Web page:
Debbi: Despite the best efforts of the early feminist movement, women of all ages are still expected to meet the most exacting standards of appearance and behavior. Why do you think that is?

Cassiah: I think that a lot of people do not understand what feminism stands for, and so fear having an open discourse about the subject. Only when every aspect of society lowers the barriers of fear and prejudice, and aren’t influenced by power or money, can we have an honest and deep investigation into what tools manufacture and enforce these expectations. It’s quite an embedded cycle into our society, so it will take time and effort from everyone to make a change that has longevity.

Debbi: I’m incredibly impressed with the credentials of all the women listed on your crowdfunding campaign page. How did you manage to find them all?

Cassiah: My assistant director, Nicole Rixon, has been my friend since University, and she’s an amazing creative to work with, as well as being hugely organized and dedicated. My producer, Cassandra Domingo, I met on a project last year and just thought she was fantastic – she’s got a lot of international experience and has achieved so much at a young age, so I wanted to get her on board before she’s in too high demand!

Debbi: What’s been the most difficult part of the filmmaking process so far?

Cassiah: Most of the creative aspects have been very organic and easy, so for me, the more practical aspects are a bit challenging. We have two scenes where scissors need to smash through windows, and there are a lot practical things to consider with scenes like that. Also, we’re trying to create two complete worlds, an idyllic town versus a mystical forest, which on a small budget is very tricky! I don’t make it easy for my producer!

Debbi: What advice would you give to other women who’ve never made a film, but would like to?

Cassiah: I’m still in the early stages of my career and I think, like everyone, I’m constantly learning about film, the industry, etc., so I would be wary of giving specific advice. All I can say is follow your instincts and just keep pushing forward so you can tell whatever story it is you feel you have to tell.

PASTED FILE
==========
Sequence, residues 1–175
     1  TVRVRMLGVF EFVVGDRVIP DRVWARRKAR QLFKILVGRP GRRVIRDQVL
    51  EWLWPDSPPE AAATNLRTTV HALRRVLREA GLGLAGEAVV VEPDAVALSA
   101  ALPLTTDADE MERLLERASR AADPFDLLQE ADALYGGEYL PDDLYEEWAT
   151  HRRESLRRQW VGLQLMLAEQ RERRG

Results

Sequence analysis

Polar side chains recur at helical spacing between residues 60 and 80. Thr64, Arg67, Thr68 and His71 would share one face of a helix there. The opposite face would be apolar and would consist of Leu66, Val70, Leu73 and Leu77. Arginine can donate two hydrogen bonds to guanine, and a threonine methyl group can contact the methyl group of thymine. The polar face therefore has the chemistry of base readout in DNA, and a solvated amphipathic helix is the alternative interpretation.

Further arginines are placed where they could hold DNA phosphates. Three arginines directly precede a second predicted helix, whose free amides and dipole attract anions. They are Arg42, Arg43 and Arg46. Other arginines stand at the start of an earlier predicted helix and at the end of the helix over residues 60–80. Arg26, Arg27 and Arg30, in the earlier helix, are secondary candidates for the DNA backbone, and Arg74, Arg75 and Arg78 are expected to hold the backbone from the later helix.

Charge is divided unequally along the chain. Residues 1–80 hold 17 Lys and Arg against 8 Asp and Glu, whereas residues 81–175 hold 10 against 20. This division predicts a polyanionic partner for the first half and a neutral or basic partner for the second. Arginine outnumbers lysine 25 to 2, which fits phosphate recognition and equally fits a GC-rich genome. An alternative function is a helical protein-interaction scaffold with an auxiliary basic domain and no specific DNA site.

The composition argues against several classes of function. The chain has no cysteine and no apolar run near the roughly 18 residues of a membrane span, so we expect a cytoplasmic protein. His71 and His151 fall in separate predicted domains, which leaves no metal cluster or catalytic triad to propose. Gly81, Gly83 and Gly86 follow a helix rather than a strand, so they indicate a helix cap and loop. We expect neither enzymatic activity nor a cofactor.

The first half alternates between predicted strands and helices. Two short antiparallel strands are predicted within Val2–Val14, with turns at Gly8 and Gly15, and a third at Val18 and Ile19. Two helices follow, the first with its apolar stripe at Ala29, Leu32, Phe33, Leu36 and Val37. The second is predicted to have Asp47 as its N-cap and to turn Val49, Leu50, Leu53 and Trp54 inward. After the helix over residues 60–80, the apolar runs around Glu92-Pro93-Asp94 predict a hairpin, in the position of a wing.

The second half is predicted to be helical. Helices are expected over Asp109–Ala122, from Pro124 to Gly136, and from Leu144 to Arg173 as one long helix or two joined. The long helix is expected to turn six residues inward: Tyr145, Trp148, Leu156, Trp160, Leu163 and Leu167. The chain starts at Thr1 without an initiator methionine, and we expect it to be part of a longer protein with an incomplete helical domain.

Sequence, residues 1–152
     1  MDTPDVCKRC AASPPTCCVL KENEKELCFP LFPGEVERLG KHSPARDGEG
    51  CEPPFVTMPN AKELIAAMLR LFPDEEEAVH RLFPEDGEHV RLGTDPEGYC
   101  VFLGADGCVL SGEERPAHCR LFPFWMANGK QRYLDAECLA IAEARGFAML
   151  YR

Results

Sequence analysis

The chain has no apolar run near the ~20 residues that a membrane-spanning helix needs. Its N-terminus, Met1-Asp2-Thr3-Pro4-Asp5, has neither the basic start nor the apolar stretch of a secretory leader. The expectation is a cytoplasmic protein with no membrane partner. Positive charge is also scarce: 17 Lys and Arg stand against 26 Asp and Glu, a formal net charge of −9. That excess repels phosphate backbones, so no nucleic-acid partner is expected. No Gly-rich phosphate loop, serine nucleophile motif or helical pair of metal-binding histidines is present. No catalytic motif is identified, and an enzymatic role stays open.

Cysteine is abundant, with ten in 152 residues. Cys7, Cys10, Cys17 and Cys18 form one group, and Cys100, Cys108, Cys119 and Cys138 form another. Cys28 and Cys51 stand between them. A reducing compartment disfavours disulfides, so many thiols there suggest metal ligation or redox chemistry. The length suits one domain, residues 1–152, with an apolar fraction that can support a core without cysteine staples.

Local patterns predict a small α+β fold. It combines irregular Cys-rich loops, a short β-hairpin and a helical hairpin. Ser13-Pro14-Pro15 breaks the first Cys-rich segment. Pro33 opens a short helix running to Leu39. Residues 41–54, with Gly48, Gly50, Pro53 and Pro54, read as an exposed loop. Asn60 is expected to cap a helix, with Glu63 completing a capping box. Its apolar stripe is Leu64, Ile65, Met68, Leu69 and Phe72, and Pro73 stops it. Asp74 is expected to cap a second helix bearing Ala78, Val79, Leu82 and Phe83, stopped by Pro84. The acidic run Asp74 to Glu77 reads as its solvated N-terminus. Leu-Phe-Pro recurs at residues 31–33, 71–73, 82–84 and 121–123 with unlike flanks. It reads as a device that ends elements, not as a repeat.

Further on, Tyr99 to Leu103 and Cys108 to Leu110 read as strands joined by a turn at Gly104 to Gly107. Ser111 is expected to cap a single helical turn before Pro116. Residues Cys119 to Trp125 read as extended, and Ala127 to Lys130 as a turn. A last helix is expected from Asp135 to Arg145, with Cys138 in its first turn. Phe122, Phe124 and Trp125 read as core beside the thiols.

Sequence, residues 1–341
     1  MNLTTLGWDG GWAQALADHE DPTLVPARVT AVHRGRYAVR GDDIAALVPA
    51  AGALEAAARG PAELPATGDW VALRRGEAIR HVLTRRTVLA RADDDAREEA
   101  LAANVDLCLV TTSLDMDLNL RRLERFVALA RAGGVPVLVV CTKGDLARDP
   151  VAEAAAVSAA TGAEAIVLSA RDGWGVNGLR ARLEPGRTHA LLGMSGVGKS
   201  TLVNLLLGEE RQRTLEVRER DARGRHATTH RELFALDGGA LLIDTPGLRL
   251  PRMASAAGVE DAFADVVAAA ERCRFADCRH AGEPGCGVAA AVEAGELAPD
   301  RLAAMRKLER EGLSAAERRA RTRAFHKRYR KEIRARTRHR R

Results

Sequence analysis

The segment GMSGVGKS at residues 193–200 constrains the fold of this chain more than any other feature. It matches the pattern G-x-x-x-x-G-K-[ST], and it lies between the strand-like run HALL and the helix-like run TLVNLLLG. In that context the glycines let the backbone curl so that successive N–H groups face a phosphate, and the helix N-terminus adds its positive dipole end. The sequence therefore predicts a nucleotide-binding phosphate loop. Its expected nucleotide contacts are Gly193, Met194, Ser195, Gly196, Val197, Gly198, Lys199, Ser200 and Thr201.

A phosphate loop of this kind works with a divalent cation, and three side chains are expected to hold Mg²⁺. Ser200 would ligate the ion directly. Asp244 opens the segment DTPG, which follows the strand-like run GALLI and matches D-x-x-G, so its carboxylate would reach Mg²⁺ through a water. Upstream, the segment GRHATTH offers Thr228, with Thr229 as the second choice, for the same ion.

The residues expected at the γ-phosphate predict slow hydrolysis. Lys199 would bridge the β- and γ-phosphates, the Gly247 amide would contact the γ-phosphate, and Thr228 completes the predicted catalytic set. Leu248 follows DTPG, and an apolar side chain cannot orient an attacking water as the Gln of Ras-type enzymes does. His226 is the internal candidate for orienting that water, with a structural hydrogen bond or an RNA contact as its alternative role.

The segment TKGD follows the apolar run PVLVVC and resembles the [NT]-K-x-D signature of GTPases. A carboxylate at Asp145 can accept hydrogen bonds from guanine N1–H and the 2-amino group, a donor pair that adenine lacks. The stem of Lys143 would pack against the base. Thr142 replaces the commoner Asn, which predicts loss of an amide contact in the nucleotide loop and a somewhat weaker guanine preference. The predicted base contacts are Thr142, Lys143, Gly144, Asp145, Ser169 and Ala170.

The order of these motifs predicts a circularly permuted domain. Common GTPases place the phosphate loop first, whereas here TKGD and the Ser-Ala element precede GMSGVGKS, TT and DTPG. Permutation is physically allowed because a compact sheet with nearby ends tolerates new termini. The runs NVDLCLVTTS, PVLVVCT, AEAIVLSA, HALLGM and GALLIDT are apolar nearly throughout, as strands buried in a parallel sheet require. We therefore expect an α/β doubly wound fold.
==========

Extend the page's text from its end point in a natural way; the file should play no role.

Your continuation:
Debbi: As a novelist, I often hear that young adult fiction should deal more with issues like the ones in your film. Do you have any thoughts on that?

Cassiah: It would be great if there were more discussion of the issues affecting young people and women through this medium, as raising awareness is so important. I think it’s important not to limit what young people can aspire to do, and sadly a lot of famous young mainstream adult fiction aimed at women (I’m thinking along the lines of Twilight, The Hunger Games) the female characters center around romantic triangles and it’d be great to see more books which defy this convention and really explore the social issues as Polly hopes to do.

Debbi: Is there anything else you’d like to say that I haven’t asked you?

Cassiah: Just that, whether or not people should support this project, I feel that all-female ensemble films are so important and that we need to reclaim our lost place in cinema history. If you look at the top rated IMDB films – The Shawshank Redemption, One Flew Over The Cuckoos Nest, Cool Hand Luke, The Green Mile, The Godfather, 12 Angry Men, Lord Of The Rings, Schindlers List, Fight Club – they’re all fabulous films but they are made up of the majority all-male casts, and if any women feature in them they’re all undoubtedly explored in a sexual or romantic light rather than creating stand alone female characters. I really want to make half of this list be made up of female dominated casts, and putting their stories, struggles and successes at the heart of world cinema. And Polly is a great place to start!

Thanks so much Debbi!


Thank you, Cassiah and all the cast and crew of Polly!

I have to tell you, if I had questions about where to take my YA series next, I think I’m closer to the answers now!

I would urge you to support this film with your donations here!

Let’s make it happen! 🙂 #52FilmsByWomen #SupportIndieFilm


Pin It on Pinterest

Share This